do you know that one of the common arguments for not ending slavery was the the slaves would starve because they would not be able to care for themselves?  that's where that quote i gave you from Fredrick Douglass came from. 

anyway, i suppose we'll have to disagree on this one..........
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.....The greatest changes occur in their country without their cooperation. They are not even aware of precisely what has taken place. They suspect it; they have heard of the event by chance. More than that, they are unconcerned with the fortunes of their village, the safety of their streets, the fate of their church and its vestry. They think that such things have nothing to do with them, that they belong to a powerful stranger called “the government.” They enjoy these goods as tenants, without a sense of ownership, and never give a thought to how they might be improved.....

 Alexis de Tocqueville
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« Reply #31 on: December 05, 2012, 06:40:17 PM »

Slaves were adults. Are you suggesting children can raise themselves out of a crippling childhood?
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« Reply #32 on: December 05, 2012, 07:21:25 PM »

slaves were not seen as adults at the time.  even many of those who were anti-slavery had major doubts about blacks being able to take care of themselves.  they viewed blacks the way PETA views pets.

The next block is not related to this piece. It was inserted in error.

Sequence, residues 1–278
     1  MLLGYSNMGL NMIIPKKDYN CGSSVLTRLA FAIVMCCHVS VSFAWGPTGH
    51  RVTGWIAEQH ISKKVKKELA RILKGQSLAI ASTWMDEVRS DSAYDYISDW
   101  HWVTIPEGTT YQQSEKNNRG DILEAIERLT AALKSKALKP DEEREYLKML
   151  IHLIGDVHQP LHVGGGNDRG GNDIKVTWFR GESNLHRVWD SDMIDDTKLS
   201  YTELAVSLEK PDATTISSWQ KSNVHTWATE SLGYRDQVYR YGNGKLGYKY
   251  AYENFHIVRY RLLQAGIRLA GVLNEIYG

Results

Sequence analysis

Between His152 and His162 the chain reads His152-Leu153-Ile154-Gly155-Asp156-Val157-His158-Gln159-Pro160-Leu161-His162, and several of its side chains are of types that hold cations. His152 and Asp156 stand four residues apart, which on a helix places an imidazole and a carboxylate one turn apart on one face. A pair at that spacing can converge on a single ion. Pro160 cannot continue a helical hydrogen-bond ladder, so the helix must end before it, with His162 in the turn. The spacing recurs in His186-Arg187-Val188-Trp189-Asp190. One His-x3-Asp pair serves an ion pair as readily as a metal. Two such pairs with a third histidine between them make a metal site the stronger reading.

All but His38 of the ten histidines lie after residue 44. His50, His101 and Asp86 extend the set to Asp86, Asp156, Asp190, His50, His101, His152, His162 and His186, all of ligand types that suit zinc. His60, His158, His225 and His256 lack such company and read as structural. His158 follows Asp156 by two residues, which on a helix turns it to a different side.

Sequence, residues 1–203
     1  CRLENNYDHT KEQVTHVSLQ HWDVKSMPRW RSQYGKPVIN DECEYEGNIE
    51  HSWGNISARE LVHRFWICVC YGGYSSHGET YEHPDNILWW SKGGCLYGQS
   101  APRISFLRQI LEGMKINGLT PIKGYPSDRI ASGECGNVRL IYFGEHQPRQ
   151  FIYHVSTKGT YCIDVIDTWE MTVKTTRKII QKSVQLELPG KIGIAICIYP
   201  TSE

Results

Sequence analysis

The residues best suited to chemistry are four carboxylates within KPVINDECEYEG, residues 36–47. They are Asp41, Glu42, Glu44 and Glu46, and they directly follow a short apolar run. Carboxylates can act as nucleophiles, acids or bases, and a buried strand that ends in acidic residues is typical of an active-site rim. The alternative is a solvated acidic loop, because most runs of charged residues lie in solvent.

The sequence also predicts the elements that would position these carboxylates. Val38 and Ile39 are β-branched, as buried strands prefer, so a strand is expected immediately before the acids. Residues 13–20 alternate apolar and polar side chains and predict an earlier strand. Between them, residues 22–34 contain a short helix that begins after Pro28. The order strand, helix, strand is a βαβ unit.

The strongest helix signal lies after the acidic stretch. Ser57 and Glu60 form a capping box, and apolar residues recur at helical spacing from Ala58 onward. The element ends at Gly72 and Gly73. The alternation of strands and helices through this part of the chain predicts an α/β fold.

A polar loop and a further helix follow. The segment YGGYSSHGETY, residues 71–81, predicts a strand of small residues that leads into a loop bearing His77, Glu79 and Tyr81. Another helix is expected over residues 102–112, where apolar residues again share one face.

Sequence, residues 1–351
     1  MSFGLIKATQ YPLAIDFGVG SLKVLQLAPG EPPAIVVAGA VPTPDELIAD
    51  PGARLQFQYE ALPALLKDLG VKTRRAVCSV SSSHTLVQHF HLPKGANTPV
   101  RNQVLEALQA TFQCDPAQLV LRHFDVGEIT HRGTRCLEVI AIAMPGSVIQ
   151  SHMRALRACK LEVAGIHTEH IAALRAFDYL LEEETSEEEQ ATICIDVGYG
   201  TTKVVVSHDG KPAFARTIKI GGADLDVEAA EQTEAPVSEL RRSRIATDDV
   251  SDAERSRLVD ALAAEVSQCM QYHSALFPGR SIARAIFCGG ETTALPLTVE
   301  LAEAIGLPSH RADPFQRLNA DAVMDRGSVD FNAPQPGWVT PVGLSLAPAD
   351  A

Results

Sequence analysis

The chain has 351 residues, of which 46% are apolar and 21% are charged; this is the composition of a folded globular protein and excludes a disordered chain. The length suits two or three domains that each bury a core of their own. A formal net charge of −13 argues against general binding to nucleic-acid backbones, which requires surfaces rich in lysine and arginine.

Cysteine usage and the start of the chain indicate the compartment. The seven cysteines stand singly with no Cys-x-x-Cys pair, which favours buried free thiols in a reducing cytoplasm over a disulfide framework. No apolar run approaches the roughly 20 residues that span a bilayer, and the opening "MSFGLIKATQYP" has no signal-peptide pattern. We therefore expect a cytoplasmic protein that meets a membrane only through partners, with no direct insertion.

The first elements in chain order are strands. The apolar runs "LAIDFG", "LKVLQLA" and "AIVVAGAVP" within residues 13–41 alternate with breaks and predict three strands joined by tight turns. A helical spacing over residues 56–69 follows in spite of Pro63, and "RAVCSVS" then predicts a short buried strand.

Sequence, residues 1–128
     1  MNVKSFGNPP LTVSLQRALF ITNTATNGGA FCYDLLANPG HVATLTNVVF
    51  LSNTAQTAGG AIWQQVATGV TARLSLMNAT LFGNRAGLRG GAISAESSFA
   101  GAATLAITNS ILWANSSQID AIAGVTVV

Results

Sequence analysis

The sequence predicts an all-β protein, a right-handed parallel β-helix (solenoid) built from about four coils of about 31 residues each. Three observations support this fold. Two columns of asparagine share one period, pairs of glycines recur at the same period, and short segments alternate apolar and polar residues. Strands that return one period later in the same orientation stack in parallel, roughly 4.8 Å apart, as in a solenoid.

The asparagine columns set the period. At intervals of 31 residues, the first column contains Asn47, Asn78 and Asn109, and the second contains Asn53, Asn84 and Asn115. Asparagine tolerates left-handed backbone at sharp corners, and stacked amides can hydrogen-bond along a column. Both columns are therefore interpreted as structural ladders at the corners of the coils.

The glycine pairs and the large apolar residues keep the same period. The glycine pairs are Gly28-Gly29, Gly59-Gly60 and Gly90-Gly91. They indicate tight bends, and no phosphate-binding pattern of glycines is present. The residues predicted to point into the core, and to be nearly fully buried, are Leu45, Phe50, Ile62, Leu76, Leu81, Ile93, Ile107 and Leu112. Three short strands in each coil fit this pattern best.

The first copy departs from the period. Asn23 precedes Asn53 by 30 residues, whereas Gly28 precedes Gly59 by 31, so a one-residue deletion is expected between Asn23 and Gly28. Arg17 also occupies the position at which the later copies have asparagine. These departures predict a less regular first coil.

Quote
Are you suggesting children can raise themselves out of a crippling childhood?


of course they can.  google it.  there are thousands through history that have done it and given society immeasurable gifts.  = there are plenty who have been born into great circumstances and have been worthless humans. 
god, if you believe in god, makes that call.  if not him/her, then chance, or fate, or whatever....but what might we lose when we presume to do it? 

this is just for fun.  i didn't even know the term love child is still used.
http://myfivebest.com/five-successful-people-who-were-born-a-love-child/

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.....The greatest changes occur in their country without their cooperation. They are not even aware of precisely what has taken place. They suspect it; they have heard of the event by chance. More than that, they are unconcerned with the fortunes of their village, the safety of their streets, the fate of their church and its vestry. They think that such things have nothing to do with them, that they belong to a powerful stranger called “the government.” They enjoy these goods as tenants, without a sense of ownership, and never give a thought to how they might be improved.....

 Alexis de Tocqueville
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« Reply #33 on: December 05, 2012, 07:32:13 PM »